I am testing my new PCI-E SSD in Linux.

I am using the following command to test its performance (reference: https://www.thomas-krenn.com/en/wiki/Linux_I/O_Performance_Tests_using_dd)

(1) dd if=/dev/zero of=/dev/nvme0n1 bs=1M count=2048 --> 2.2GB/sec

(2) dd if=/dev/zero of=/dev/nvme0n1 bs=1M count=2048 oflag=direct --> 2.2GB/sec

(3) dd if=/dev/zero of=/mnt/nvme0n1/tempfile bs=1M count=2048 --> 80MB/sec

(4) dd if=/dev/zero of=/mnt/nvme0n1/tempfile bs=1M count=2048 oflag=direct --> 800MB/sec

My guesses are as follows: (3, 4) is writing over the filesystem (formatted as NTFS for some reasons). However, (1, 2) is writing into the block device directly, which gives no overheads of file system.

Am I correct or not? Can you give me some explanations on it?


  • 2
    mostly. im not sure about writing over the filesystem - it writes into the filesystem. this is probably especially true of NTFS on a linux system - which would be FUSE and so a terrible control for a benchmark.
    – mikeserv
    Dec 6 '15 at 8:23
  • I do agree with mike. NTFS over FUSE is not suitable for your purposes. Dec 6 '15 at 8:36
  • Can you run your tests with the conv=fdatasync option? Without it, you're not getting a complete picture of how long the i/o takes. Dec 6 '15 at 10:21
  1. I would quibble over your wording.  I would say that commands (1) and (2) are over-writing the filesystem, if any; i.e., ignoring it and destroying it (if there is one).  They will behave the same if the device has a filesystem on it before hand or not.

    Meanwhile, commands (3) and (4) are writing into the filesystem, or through it.

  2. Yes, of course the fact that commands (3) and (4) are going through the filesystem code is why you get the performance difference.  (Continued in paragraph 4.)

  3. I don't see why the fact that the filesystem is NTFS is really significant.  I suspect that you would get similar results with any filesystem type; e.g., one of the ext family.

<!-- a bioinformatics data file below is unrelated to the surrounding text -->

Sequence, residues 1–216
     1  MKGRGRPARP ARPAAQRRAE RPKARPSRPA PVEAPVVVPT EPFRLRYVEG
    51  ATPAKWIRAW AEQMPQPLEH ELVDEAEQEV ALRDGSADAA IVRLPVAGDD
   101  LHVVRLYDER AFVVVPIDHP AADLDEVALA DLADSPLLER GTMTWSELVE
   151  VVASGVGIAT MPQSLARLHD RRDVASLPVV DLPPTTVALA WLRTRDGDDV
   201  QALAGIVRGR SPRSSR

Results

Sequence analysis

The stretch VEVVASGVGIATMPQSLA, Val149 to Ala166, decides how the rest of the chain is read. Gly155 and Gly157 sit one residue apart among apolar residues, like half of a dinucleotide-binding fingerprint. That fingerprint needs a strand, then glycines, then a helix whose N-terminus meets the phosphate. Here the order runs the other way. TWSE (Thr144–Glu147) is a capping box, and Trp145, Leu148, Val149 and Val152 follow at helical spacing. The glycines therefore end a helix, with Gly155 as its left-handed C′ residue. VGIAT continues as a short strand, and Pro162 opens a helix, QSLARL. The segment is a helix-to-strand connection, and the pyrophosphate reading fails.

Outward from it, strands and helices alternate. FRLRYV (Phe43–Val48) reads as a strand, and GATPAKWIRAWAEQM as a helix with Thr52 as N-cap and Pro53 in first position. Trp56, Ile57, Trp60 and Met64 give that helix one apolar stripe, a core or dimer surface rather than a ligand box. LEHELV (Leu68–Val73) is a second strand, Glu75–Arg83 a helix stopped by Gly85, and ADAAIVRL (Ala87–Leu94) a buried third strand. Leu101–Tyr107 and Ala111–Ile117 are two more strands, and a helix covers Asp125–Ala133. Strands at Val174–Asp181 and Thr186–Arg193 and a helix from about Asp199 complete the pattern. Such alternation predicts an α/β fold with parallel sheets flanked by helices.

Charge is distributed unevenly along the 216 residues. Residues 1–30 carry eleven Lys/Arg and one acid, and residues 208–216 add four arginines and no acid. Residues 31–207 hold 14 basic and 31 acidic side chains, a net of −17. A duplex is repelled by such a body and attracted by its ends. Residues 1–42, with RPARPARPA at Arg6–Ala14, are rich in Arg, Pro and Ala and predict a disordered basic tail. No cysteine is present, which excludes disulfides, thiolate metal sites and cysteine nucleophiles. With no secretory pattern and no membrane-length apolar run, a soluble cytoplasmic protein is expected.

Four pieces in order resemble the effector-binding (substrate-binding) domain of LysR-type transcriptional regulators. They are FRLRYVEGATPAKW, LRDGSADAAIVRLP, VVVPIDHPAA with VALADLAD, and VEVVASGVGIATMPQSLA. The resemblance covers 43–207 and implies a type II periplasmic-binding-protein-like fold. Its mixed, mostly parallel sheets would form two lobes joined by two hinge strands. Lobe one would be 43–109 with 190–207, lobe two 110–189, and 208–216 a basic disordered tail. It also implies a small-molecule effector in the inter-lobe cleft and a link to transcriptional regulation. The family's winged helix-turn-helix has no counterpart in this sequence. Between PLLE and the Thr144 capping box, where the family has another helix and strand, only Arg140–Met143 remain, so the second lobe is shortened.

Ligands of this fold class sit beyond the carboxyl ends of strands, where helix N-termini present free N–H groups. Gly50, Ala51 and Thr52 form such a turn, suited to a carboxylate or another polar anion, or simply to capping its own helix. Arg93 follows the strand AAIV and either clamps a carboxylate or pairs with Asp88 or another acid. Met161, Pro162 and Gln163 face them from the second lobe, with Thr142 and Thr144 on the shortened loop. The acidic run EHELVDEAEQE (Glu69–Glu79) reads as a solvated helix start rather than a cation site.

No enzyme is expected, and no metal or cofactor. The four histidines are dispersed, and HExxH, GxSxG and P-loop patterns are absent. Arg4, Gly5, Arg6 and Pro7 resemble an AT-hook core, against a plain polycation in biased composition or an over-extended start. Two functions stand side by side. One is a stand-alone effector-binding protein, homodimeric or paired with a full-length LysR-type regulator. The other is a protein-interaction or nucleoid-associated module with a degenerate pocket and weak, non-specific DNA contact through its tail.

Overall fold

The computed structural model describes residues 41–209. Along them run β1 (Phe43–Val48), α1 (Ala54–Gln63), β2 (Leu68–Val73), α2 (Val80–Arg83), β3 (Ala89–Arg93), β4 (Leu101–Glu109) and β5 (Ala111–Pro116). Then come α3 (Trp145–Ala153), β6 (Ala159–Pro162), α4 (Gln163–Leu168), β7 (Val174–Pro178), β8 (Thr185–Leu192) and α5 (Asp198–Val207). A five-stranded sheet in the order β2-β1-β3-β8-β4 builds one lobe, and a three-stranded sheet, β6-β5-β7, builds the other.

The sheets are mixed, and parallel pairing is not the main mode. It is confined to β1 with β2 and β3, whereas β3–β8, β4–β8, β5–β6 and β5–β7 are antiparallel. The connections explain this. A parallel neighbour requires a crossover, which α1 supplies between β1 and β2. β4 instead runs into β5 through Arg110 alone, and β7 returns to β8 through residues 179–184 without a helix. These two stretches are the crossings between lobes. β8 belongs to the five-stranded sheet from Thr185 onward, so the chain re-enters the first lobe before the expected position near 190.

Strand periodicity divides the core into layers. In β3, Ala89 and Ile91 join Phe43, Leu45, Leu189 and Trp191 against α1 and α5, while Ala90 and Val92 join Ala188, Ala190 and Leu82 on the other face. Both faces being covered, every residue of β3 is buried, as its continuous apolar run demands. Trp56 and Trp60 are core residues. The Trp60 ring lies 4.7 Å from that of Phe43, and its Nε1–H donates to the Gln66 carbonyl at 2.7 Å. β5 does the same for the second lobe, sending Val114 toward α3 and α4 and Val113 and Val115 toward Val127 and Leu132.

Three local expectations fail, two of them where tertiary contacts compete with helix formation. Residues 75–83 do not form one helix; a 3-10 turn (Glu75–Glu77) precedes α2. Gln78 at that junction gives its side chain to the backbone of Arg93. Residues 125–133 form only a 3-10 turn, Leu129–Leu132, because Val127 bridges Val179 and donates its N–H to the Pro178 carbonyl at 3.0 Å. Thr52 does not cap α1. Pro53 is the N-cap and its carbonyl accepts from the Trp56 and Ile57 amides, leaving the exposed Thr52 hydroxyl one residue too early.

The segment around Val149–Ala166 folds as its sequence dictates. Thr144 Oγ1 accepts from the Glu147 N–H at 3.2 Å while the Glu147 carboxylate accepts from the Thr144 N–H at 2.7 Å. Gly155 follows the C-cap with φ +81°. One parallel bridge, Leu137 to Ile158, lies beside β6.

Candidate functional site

4. To build upon point 2: First of all, filesystem I/O largely ignores bs=anything and oflag=direct.  The filesystem code probably treats a write of 1M as 2048 writes of 512 bytes, or perhaps 256 writes of 4K bytes.  Secondly, the filesystem code has the job of maintaining filesystem integrity.  That means, each time it extends your tempfile, it must allocate blocks from the free list and allocate them to the file.  This means it must be continually modifying the free list and the file's inode (or equivalent on whatever the filesystem type is).  This means not only (potentially) three actual writes for every user-visible write, but that the writes would be non-contiguous, and the drive would be seeking all over the place.  Further, if the filesystem has been in use for a while, the free list may have gotten out of order, and so the blocks allocated to the file may be non-contiguous.


  • Do tests (3) and (4) after a mkfs, so the filesystem is clean.  Then repeat them with the file already existing.  This should decrease the amount of bookkeeping I/O.
  • Repeat all the tests with bs in the 512-4K range.  The results for tests (3) and (4) should be nearly unchanged, while those for tests (1) and (2) should be much lower.
  • See the comments about fuse/ntfs. Adjust your answer to it and it will be perfect.
    – Nils
    Dec 6 '15 at 9:57

Your Answer

By clicking “Post Your Answer”, you agree to our terms of service, privacy policy and cookie policy

Not the answer you're looking for? Browse other questions tagged or ask your own question.